How to scale up CSA? Here are some ideas that experts shared with the New Agriculturist website on how to scale up CSA practices, and hopefully, gain governments’ and small farmers’ buy in.
Policies need to be developed to incentivise and reward climate smart practices, including carbon sequestration. Education, training and knowledge will also be critical – including early warning systems to alert farmers to weather changes, along with support and promotion through farm extension services. In addition, we need increased support for research, development and technologies, to ensure wider availability of drought tolerant crop varieties.
Our future agriculture needs to be flexible and able to deal with a range of uncertain impacts of climate change. It should be highly productive while at the same time low in emissions. This will only be possible if we have resourceful farmers, farmers that are well-educated, have access to infrastructure, inputs, varieties, markets, knowledge and information. So, above all, let us invest in empowering smart agriculturalists!
An Notenbaert, International Livestock Research Institute
Immediate priorities should include the realisation of the G8 funding commitments made in L’Aquila; national government commitment to earmark specific funding to re-establish and improve extension services; a strong and global commitment to supporting public-private partnerships as a means to advance research and the adoption of new practices and technologies; and specific commitments to research funding in key crops and on key issues, such as water use.
Farming first coalition
Early action is needed to identify, pilot and scale-up best practices to strengthen institutional capacities and enhance experiences that can help make informed choices to transform agriculture. Tools and knowledge on Climate Smart Agriculture must be further enhanced and shared. We must invest in education, capacity development and communication of climate-smart practices.
If Climate Smart Agriculture can increase food production and be sustained over time, it may lead to higher global food security. However, producing more food is only one of many chords that need to be orchestrated before every human on the planet can consume the minimum daily calories required to sustain life. Currently, food is available – the challenge for poor people across the globe is accessing food they can afford. Increased productivity is necessary but not sufficient to ensure food security.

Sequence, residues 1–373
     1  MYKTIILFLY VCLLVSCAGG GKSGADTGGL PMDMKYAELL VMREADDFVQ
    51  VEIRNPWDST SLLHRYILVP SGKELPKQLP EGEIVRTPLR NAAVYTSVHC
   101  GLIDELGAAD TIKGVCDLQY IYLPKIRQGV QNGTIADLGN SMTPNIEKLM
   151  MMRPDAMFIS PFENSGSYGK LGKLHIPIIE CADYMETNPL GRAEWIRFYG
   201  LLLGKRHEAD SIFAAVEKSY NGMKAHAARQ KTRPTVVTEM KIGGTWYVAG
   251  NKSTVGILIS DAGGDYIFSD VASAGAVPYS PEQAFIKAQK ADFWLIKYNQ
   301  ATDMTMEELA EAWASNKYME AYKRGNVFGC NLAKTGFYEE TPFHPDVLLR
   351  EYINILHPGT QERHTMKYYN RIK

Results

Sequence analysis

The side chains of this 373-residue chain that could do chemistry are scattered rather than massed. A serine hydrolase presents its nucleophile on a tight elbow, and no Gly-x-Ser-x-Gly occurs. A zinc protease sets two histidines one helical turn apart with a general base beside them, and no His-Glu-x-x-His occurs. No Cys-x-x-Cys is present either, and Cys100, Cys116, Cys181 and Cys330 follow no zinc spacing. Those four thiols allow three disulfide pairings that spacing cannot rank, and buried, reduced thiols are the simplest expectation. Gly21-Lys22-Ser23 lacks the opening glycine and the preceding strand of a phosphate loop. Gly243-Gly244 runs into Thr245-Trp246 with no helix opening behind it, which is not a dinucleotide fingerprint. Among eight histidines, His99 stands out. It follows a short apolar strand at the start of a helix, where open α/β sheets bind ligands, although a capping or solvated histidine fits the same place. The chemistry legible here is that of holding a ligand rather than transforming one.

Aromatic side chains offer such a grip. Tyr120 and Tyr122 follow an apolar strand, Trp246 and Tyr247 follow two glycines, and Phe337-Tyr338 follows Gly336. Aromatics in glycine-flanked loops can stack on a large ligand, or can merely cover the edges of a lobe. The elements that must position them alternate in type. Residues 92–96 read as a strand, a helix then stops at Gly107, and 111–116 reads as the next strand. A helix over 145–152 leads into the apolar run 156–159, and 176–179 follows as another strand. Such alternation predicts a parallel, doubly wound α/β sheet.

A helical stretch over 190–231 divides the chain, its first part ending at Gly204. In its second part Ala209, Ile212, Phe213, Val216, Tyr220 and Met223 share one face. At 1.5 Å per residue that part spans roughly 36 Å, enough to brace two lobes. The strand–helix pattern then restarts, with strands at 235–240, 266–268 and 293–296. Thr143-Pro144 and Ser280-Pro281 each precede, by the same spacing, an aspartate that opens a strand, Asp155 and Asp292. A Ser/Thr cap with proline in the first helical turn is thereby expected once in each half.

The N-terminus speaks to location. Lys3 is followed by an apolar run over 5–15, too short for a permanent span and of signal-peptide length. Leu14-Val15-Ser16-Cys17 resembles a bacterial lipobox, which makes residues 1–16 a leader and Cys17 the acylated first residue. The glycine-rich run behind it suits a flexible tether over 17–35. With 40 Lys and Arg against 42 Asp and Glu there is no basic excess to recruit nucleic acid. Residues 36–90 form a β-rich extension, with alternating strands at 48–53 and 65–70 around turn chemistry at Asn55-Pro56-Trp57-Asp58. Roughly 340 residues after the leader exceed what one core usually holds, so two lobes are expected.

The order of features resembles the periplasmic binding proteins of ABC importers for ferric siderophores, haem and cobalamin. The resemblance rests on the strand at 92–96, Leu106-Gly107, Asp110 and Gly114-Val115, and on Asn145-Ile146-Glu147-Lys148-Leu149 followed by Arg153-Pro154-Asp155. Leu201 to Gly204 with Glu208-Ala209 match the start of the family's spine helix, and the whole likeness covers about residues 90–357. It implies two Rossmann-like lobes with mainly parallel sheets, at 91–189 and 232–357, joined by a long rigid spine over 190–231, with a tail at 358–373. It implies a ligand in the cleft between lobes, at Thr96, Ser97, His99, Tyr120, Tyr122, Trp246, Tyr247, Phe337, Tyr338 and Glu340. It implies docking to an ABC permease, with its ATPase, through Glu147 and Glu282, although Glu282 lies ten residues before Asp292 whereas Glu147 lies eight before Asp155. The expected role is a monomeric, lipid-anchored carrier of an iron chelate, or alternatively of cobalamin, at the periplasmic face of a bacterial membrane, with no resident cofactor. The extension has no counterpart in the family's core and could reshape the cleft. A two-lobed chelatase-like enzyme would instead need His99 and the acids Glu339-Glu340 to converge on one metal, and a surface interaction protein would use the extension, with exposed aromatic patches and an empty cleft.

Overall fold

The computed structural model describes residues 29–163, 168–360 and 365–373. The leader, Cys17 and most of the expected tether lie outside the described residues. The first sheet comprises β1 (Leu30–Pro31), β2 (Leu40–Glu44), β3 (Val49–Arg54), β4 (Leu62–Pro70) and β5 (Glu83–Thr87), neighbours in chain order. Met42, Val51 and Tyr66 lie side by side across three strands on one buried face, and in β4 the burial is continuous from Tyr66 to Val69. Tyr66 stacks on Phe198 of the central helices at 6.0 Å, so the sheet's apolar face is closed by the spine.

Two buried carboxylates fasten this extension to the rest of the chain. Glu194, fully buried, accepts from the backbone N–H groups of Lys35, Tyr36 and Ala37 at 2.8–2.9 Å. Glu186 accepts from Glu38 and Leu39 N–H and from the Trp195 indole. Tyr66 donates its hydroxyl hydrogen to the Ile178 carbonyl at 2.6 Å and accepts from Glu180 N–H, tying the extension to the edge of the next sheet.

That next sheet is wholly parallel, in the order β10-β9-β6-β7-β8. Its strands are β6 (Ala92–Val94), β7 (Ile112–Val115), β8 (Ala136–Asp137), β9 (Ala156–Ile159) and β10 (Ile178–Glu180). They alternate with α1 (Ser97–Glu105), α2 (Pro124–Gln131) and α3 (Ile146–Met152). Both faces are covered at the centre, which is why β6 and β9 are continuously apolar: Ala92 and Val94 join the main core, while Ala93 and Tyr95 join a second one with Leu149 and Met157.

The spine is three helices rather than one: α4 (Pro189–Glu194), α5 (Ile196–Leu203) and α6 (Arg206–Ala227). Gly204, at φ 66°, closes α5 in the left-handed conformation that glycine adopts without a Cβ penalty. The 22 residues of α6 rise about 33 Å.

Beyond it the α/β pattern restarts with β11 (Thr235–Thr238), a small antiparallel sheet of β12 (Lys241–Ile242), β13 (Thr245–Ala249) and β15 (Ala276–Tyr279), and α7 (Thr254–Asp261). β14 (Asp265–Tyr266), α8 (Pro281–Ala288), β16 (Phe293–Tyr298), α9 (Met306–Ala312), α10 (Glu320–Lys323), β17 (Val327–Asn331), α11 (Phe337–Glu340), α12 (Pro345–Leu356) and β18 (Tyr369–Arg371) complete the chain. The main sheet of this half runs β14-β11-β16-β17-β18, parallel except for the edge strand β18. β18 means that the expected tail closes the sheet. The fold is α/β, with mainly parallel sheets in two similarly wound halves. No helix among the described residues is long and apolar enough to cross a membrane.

Climate Smart Agriculture adds mitigation to a focus on well-established agricultural strategies around raising productivity, growth through modernisation, technology development and the green revolution. Yet whilst the concept of Climate Smart Agriculture reinforces the status quo around growth, the evidence base to suggest that growth approaches are the solution to, and not just the cause of, the climate problem, remains at best inconclusive.
Rocio Hiraldo/Andy Newsham, Institute of Development Studies/Future Agricultures Consortium
CSA is the latest attempt to reconcile the dual, competing, prerogatives for achieving global food security: increasing agricultural productivity whilst maintaining environmental integrity through a combination of mitigation and adaptation strategies. Unfortunately the practical results of these dualistic trade-offs often create unforeseen consequences, such as an increased reliance on technological and other inputs. This can further marginalise those that are already excluded from the global development agenda, thereby exacerbating existing inequalities in the food system.
Laura Pereira, Oxford University/Future Agricultures Consortium
CSA practices propose a transformation of agriculture, in the way we grow food and treat the environment in a changing climate. Think about it. Share this post with whom you need to leverage. Let’s spread the word. Let’s have the policy makers listen to this. Let’s change the way food is produced so people in 2050 have sustainably produced food in their tables.